Does everyone know that half of Malekko is Paul Barker, of Ministry fame? I did not, and made a dweeb of myself as a result gooof Josh and he had a large area and the gear looks and sounds wonderful. They have many plans for this year...as does Tony of MakeNoise (who acknowledged that the QMMG is indeed punchier-sounding than the Buchla 292). Very nice, I want one or two...and the lamp on the MATHS is also a switch. Outstanding. Did I see a CHOICES module, with a joystick? Yes I did. Please take my first-born in trade for modules, because the matrix sequencer is the shiznit.



NIIO Analog show their first product, the IOTINE core, which is a 2U signal processor featuring two mixed or serial signal paths, each with a multimode filter and selection between ten types of saturation/overdrive, into a summer with a static multi-mode and other goodies. Two envelopes with a stated minimum attack time of 40uS (faster even than the Technosaurus Selector's 70uS minimum attack time) round it out. The filters have a Moog-style "whistly" resonance, did not self-oscillate, but are clean and solid-sounding. Users of dual filtration units will recognize the ability to have the bass slam and to sweep the detail with the other filter. There are three VCAs; one is Post, and there are LFOs for various duties. It's out now at Analog Haven for $1495.00. Check youtube.com for video..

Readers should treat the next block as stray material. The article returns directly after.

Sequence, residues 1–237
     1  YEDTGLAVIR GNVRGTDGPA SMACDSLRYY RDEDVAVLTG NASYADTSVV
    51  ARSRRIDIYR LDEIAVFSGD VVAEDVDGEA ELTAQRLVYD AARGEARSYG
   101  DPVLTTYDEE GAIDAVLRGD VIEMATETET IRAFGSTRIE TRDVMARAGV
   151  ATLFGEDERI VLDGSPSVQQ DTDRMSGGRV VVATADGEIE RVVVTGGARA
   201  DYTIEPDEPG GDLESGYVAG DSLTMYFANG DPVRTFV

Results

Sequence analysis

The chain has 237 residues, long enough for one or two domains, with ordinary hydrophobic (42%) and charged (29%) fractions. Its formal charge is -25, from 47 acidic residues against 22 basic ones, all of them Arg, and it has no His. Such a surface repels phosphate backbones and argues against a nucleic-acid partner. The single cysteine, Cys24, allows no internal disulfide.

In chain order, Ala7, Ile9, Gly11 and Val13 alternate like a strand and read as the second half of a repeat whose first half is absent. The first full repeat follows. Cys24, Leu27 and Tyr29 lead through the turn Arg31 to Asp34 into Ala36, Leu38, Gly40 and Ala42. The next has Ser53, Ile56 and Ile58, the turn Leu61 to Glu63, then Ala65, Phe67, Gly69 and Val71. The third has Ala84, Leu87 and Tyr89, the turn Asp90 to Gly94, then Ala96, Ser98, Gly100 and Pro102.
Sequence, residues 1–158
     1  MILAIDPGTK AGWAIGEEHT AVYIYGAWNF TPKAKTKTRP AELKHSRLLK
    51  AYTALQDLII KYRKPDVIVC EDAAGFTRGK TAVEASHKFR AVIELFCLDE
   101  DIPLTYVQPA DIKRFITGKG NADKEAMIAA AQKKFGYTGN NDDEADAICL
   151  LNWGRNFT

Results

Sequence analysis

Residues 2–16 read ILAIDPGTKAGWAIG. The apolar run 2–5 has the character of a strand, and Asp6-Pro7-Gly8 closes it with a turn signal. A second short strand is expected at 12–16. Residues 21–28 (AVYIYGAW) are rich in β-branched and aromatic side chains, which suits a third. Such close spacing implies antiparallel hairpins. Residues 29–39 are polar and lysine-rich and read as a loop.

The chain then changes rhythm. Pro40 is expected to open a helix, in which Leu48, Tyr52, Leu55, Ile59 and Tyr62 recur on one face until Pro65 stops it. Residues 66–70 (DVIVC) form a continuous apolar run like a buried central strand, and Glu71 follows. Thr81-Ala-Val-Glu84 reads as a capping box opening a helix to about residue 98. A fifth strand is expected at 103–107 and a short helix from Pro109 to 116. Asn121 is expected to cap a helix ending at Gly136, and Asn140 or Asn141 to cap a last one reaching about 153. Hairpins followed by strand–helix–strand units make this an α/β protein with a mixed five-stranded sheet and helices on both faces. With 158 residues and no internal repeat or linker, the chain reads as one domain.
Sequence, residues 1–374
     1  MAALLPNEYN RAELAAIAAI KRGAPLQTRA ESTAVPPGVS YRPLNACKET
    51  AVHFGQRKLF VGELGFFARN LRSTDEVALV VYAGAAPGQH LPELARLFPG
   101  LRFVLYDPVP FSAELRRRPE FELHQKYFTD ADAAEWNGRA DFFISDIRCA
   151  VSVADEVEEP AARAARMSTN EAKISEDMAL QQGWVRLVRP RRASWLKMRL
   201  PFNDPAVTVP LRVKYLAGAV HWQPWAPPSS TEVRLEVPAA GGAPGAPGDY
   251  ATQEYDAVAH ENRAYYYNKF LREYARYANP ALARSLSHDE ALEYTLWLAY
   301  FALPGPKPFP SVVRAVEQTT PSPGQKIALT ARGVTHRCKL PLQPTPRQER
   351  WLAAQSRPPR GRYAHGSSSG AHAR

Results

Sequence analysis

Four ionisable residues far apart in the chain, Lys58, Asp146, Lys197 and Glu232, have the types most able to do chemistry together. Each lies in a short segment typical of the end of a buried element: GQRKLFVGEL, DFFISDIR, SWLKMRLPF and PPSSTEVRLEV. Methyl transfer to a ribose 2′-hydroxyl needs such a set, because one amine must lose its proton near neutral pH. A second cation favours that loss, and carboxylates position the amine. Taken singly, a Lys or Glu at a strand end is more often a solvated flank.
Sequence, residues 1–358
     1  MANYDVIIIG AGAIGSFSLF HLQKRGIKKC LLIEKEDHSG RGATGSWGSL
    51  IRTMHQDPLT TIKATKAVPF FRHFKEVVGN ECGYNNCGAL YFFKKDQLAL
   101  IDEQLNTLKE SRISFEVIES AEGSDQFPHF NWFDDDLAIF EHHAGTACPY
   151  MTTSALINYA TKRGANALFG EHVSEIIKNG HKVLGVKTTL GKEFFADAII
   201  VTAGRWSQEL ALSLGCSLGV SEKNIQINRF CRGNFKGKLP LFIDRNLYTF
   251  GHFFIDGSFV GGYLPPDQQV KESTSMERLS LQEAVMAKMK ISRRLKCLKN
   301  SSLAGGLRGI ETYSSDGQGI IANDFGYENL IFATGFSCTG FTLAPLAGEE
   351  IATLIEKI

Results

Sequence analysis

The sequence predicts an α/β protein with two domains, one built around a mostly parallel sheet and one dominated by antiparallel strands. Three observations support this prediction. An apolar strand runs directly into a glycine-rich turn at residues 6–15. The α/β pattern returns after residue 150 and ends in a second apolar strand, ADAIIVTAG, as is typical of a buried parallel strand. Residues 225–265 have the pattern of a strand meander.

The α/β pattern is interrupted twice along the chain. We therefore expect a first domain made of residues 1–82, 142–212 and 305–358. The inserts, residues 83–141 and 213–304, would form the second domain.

Visit www.PluginGuru.com for much fun...Long-Time Korg and Ilio users will recognize the name "Skippy" and his outstanding work.

That's just a little; it was nice to see everyone, even those who mocked me to my face regarding the modular flame wars. To each their own; it's all about the gear, and this excellent NAMM show firmly states that the Euro format is the format of the future. Thanks to Tim from M-Audio for getting me there and back again, and Roger from Big City Music for the pass. My pardon to anyone I've neglected to mention!

It was also a pleasure to meet The Harvestman and his tangential, outstanding equipment. Deiter Doepfer and Frau Doepfer were there as well, but I didn't get a chance to get a run-through of the new modules. He always has a smile about the gear...

There were many, many Chinese companies on hand, selling everything from stand-up basses to wireless microphones. It is clear that Chinese product will continue to have a lasting impact upon the world.

Now, someone give me many thousands of dollars for large ADAM monitors. Cough it up, bassids...

Tune / Tuning / Calibrating Oberheim SEM / TVS / FVS

I've long used the Xcelite P3324 screwdriver, flathead, very long, and thin enough to get into the calibration holes, and down to the trimpots on the main PCBs.